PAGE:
A group of international researchers may have reached a breakthrough moment after they successfully eliminated schizophrenia symptoms in mice after they targeted a specific gene and manipulated its expression. Their findings offer hope that similar results might be possible for humans as well.

Despite schizophrenia being well documented for many years now and it being a somewhat prevailing mental disorder,  schizophrenia continues to confound both health professionals and the public. The hallucinations, peculiar ideas and extremely odd behavior people suffering from schizophrenia exhibit never cease to baffle those of us like to consider themselves normal. In the middle ages, people suffering from the disease were though to be possessed by demons and because of this they were quickly marginalized, tortured, exiled or worse…

Currently, schizophrenia isn’t curable and those suffering from it are forced to live with it for the rest of their days. Treatment exists, of course, which battles one or multiple symptoms. However, while medication helps control the psychosis associated with schizophrenia (e.g., the delusions and hallucinations), it cannot help the person find a job, learn to be effective in social relationships, increase the individual’s coping skills, and help them learn to communicate and work well with others. This is one nasty mental disorder, make no mistake, and scientists have been trying to find means of effectively combating it for many years.

Roles of Neuregulin 1 in neural development. NRG1 is released from neurons to promote the formation and maintenance of radial glial cells. Tangential migration of γ-aminobutyric acid-ergic interneurons requires NRG1 in the cortical region. Myelination and ensheathment of peripheral nerves are controlled by the amounts of NRG1 produced in substrate axons. NRG1 from axons might regulate oligodendrocyte development and myelination of axons in the CNS. NRG1 is also necessary for the formation of neuromuscular junctions – NMJs. NRG1 stimulates CNS synapse formation (Lin Mei & Wen-Cheng Xiong, 2008)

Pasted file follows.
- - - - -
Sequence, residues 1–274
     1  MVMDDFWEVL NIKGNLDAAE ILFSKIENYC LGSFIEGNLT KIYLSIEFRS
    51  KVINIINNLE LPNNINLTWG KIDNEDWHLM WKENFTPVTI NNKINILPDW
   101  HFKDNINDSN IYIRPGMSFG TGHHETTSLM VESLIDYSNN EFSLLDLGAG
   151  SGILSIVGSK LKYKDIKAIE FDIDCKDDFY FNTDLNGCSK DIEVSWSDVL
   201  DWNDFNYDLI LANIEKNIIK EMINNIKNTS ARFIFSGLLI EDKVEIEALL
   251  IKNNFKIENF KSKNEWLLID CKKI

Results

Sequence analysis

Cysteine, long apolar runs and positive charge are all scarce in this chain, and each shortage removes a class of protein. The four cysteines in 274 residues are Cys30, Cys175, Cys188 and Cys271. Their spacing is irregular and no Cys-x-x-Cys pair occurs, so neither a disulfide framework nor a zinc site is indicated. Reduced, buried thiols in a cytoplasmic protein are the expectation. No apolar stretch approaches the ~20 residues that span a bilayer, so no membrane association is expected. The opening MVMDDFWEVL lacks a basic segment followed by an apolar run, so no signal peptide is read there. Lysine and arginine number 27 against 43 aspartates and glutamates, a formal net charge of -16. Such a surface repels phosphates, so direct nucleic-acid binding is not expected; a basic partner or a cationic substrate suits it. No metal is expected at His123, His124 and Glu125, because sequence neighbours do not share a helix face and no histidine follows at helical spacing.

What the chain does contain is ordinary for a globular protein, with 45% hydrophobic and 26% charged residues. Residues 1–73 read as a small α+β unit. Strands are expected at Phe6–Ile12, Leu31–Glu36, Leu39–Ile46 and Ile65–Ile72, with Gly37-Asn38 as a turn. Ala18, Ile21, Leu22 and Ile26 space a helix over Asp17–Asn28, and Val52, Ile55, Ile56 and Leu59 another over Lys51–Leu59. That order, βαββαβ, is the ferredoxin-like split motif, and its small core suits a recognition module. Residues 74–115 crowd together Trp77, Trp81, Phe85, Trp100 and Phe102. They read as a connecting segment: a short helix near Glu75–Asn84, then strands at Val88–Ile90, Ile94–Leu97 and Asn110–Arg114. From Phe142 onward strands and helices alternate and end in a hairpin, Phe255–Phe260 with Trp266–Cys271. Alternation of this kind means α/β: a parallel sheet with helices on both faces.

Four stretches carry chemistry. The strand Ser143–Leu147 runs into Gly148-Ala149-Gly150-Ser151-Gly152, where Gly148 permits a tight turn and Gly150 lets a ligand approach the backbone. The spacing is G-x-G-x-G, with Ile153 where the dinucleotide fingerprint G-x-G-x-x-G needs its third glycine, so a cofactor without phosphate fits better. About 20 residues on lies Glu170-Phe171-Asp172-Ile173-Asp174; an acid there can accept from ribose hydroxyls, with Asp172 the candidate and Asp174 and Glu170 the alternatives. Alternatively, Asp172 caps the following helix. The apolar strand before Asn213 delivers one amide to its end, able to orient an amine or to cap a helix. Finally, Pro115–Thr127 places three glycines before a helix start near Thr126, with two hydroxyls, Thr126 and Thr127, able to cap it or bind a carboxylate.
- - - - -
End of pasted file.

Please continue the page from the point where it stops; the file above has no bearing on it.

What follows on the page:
Roles of Neuregulin 1 in neural development. NRG1 is released from neurons to promote the formation and maintenance of radial glial cells. Tangential migration of γ-aminobutyric acid-ergic interneurons requires NRG1 in the cortical region. Myelination and ensheathment of peripheral nerves are controlled by the amounts of NRG1 produced in substrate axons. NRG1 from axons might regulate oligodendrocyte development and myelination of axons in the CNS. NRG1 is also necessary for the formation of neuromuscular junctions – NMJs. NRG1 stimulates CNS synapse formation (Lin Mei & Wen-Cheng Xiong, 2008)

One of the most recent such attempts shines with promise that schizophrenia might be dramatically alleviated, after a team of international researchers reversed schizophrenia-like symptoms in adult mice by restoring normal expression to a gene called Neuregulin-1 (NRG1 for short). The protein is important for brain development, however previous studies have shown that there seem to be a direct correlation between high levels of NRG1 and schizophrenia.

One might ask how does one diagnose a mouse with schizophrenia? Does it think it’s a cat or a dog? Does it start barking? Well, jokes aside, after the scientists bio-engineered mice which expressed higher levels of NRG1, the mice exhibited uncanny schizophrenia characteristics: hyperactivity, poor short-term and long-term memory, poor ability to ignore distracting background or white noise. When they returned NRG1 levels to normal in adult mice, the schizophrenia-like symptoms went away.

Like patients with schizophrenia, adult mice biogenetically-engineered to have higher NRG1 levels showed reduced activity of the brain messenger chemicals glutamate and γ-aminobutyric acid (GABA). The mice also showed behaviors related to aspects of the human illness. To genetically alter the mice, the scientists put a copy of the NRG1 gene into mouse DNA then, to make sure they could control the levels, they put in front of the DNA a binding protein for doxycycline, a stable analogue for the antibiotic tetracycline, which is infamous for staining the teeth of fetuses and babies. The mice are born expressing high levels of NRG1 and giving the antibiotic restores normal levels.

With this in mind, it might be possible for schizophrenia symptoms in humans to be alleviated as well by reducing the expression of the NRG1 gene. Findings were reported in the journal Neuron [source].

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